INSTITUTO ARGENTINO DE NIVOLOGIA, GLACIOLOGIA Y CIENCIAS AMBIENTALES
Unidad Ejecutora - UE
congresos y reuniones científicas
Preservation chemistry of coalified ovules (Trigonocarpus grandis), seed-fern, Cantabrian, Canada.
ZODROW, E L; D`ANGELO, J A; HELLEUR, R
Albuquerque, New Mexico
Congreso; The Carboniferous-Permian Transition Conference, Albuquerque, New Mexico, USA; 2013
New Mexico Museum of Natural History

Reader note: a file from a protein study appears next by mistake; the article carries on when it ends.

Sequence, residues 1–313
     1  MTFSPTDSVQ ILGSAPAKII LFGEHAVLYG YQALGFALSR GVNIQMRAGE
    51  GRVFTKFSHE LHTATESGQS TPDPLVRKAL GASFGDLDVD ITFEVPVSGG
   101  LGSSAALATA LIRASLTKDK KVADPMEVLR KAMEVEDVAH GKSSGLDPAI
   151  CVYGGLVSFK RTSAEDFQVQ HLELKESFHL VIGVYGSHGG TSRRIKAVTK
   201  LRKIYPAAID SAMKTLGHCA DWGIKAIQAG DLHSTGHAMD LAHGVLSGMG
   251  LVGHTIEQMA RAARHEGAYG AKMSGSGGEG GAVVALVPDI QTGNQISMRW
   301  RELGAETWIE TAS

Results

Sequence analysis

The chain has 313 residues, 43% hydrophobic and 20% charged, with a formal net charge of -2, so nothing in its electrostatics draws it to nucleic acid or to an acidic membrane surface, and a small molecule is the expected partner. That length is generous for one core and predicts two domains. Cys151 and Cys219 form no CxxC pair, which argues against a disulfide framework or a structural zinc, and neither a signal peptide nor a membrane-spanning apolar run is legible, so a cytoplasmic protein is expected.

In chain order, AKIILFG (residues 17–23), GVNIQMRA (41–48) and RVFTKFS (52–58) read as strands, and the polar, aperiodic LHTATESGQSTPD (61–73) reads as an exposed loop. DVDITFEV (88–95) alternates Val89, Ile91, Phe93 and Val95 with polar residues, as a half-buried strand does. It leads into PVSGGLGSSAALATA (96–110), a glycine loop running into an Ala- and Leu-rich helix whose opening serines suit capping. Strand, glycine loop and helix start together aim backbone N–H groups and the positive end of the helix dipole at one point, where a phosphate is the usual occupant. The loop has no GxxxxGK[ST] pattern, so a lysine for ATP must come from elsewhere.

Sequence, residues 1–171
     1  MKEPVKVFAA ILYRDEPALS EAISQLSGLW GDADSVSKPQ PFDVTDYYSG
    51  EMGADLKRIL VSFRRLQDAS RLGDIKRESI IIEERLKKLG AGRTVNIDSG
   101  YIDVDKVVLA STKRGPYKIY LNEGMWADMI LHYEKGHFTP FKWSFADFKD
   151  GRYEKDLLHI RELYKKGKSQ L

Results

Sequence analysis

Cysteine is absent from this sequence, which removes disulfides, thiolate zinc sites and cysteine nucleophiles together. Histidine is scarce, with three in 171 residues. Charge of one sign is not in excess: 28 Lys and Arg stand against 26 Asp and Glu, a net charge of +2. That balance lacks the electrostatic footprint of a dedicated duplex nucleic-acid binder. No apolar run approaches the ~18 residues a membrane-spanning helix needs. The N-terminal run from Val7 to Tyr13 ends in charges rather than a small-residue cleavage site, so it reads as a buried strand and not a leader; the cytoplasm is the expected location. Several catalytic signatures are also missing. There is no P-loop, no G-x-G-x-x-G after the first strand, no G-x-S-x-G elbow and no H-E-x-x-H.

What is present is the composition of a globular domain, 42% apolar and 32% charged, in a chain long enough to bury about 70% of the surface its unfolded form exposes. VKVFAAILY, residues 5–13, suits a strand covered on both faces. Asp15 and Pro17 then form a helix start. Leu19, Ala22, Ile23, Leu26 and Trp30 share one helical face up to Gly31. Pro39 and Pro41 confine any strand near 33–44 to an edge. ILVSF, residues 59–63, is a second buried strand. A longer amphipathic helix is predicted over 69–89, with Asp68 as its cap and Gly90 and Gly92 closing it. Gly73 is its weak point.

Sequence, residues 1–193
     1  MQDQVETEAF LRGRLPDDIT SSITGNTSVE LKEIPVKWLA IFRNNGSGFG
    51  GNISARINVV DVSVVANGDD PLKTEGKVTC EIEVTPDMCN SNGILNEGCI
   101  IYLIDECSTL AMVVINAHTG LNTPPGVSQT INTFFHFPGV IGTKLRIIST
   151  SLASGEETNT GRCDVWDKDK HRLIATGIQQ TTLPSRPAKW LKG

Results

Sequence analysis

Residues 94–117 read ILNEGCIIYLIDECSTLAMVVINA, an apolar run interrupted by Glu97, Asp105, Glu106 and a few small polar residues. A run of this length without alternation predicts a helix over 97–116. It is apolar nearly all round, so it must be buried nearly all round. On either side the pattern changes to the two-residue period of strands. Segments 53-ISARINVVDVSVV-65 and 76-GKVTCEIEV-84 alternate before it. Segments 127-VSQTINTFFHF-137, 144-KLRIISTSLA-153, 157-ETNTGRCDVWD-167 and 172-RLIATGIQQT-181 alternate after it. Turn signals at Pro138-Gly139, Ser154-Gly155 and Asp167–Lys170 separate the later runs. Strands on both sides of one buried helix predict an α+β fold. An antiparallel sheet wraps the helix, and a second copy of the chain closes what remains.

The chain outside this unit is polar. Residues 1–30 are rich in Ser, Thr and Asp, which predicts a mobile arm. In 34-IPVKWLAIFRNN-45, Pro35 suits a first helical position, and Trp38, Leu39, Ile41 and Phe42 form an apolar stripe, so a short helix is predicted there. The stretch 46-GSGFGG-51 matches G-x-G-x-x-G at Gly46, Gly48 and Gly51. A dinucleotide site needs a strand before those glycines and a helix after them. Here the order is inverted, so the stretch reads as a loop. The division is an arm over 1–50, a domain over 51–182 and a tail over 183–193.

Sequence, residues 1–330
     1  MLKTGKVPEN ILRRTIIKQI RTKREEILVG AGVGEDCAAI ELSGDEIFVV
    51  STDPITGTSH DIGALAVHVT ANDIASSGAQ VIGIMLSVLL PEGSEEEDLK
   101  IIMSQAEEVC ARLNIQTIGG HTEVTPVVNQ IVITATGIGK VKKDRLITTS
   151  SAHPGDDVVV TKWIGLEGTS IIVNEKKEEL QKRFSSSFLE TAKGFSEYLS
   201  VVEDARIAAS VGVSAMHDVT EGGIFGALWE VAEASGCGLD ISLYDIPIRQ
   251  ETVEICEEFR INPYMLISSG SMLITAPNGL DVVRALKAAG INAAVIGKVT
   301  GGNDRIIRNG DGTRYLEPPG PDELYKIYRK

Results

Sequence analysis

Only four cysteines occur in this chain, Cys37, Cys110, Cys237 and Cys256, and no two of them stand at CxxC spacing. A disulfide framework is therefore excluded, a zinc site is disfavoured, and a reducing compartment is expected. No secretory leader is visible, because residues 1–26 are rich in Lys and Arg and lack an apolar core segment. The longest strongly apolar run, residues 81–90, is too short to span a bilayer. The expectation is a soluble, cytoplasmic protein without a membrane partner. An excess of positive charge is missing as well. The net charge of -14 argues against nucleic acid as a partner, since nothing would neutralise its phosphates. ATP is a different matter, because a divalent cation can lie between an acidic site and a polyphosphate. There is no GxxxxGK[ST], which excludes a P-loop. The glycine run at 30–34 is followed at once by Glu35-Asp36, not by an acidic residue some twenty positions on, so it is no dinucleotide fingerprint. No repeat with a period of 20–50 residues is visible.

Arnold (1938; 1948a, b) had the leading edge on studying North American coalified ovules of Carboniferous age, including Trigonocarpus Brongniart. We continue with such studies on coalified Trigonocarpus grandis (Lesquereux) Cleal et al. 2010 from the Sydney Coalfield, Canada (Fig. 1), investigating what structural aspects are preserved and why in terms of biochemistry. To this effect, we intensively used Nomarski phase-contrast microscopy (invented in the mid 1950s), and spectrochemistry: Fourier transform infrared (FTIR) spectroscopy and pyrolysis gas chromatography with mass spectrometry (Py-GC/MS, cf. Zodrow et al., 2012). The latter two methods are powerful tools for solving problems in palaeophtychemistry, palaeochemotaxonomy/systematics, diagenesis of organic matter, and molecular taphonomy. A general problem, unlike with sectioned petrified seeds (Hoskins and Cross, 1946; Taylor, 1965), is keeping track of the original sequence of the structural components when preparing slides from the macerated coalified ovules, which we successfully did. Ovule 2-336 (Fig. 2A), ca. 1500 microns thick, separated into three distinct parts for reasons not understood (Fig. 2B). After further maceration (four days) each could be teased apart for a total of at least 15 structure/tissue layers (E.L. Zodrow, J.A. DAngelo, and R. Helleur, unpubl., 2012). These layers are identified as 3 megaspore membranes with granulose exine surfaces, e.g., Fig. 2C; 2 nucellar cuticles, e.g., Fig. 2D; 7 integumentary epidermises, cuticles, e.g., Fig. 2E; and 3 structured, diaphanous layers or what we call tecta, e.g., Fig. 2F. Each megaspore membrane is covered with a coarse nucellar cuticle, which is individually covered with tecta, as are the integumentary epidermises, though only tectal fragments have been recovered because they are very difficult to see in water. In proposing a coalified model, two preservation biases are recognized. One is in respect to the three megaspore membranes which should be four for double-layered membranes of trigonocarpalean seeds (Darrah, 1968; Pettitt, 1966); the other is that integumentary epidermises cannot be odd numbered. This assumes correlation with ad- and abaxial surfaces, in reference to an imaginary medial plane axis (cf. Truernit and Haseloff, 2008, fig. 2). The model, assuming the telomic concept (Herr, 1995), can then conveniently be described in terms of inner and outer integuments and double-layered nucellus with granulose exine. What remains unresolved is the question of stomata on the outer abaxial epidermis. We found that preservation of the nucellus and epidermis correlates with the oily (aliphatic) contents, as revealed by the spectrochemistry used, and infer that this applies as well to the tectum and nucellar cuticle. Variation in the local Eh-pH paleoenvironment (Krumbein and Garrels, 1952) probably limited preservation of the oily tissues to a certain degree during early diagenesis (Berner, 1980). In general, we believe that the limit of what can be expected in terms of preservation from coalified ovules world-wide has been reached with the Sydney ovules. Important implications include that continued separation of Pachytesta from Trigonocarpus is deemed untenable, that oily chemistry has potential for the systematics of medullosalean ovules, ultimately for biostratigraphy, and that the large number of dispersed ovules is probably a Carboniferous kerogen source (Arnold, 1938). REFERENCES Arnold, C.A., 1938, Paleozoic seeds: Botanical Review, v. 5, p. 205-234. Arnold, C.A., 1948a, Paleozoic seeds II: Botanical Review, v. 14, p. 450472. Arnold, C.A., 1948b, Some cutinized seed membranes from the coal-bearing rocks of Michigan: Bulletin of the Torrey Botanical Club, v. 75, p. 131Berner, R.A., 1980, Early diagenesis: A theoretical approach: Princeton, N.J., Princeton University Press, 241 p. Cleal, C.J., Zodrow, E.L. and Mastalerz, M., 2010, An association of Alethopteris foliage, Trigonocarpus ovules and Bernaultia-like pollen organs from the Middle Pennsylvanian of Nova Scotia, Canada: Palaeontographica B, v. 283, p. 73-97. Darrah, E.L., 1968, The microstructure of some Pennsylvanian seeds and megaspores studied by maceration: Micropaleontology, v. 14, p. 87104. Herr, J.M., Jr., 1995, The origin of the ovule: American Journal of Botany, v. 82, p. 547-564.Hoskins, J.H. and Cross, A.T., 1946, Studies in the Trigonocarpales. Pt I. Pachytesta vera, a new species from the Des Moines Series of Iowa: American Midland Naturalist, v. 36, p. 207-250. Krumbein, W.C. and Garrels, R.M., 1952, Origin and classification of chemical sediments in terms of pH and oxidation-reduction potentials: Journal of Geology, v. 52, p. 1-33. Pettitt, J.M., 1966, A new interpretation of the structure of the megaspore membrane in some gymnospermous ovules: Journal of the Linnaean Society of London, v. 59, p. 253-263. Taylor, T.N., 1965, Paleozoic seed studies: A monograph of the American species of Pachytesta: Palaeontographica B, v. 117, p. 1-46. Truernit, E. and Haseloff, J., 2008, Arabidopsis thaliana outer ovule integument. morphogenesis: Ectopic expression of KNAT1 reveals a compensation mechanism: BMC Plant Biology, v. 8, p. 35, DOI: 10.1186/ 1471-2229-8-35. Zodrow, E.L., DAngelo, J.A., Helleur, R. and imunek, Z., 2012, Functional groups and common pyrolysates products of Odontopteris cantabrica (index fossil for the Cantabrian Substage, Carboniferous): International Journal of Coal Geology, v. 100, p. 40-50.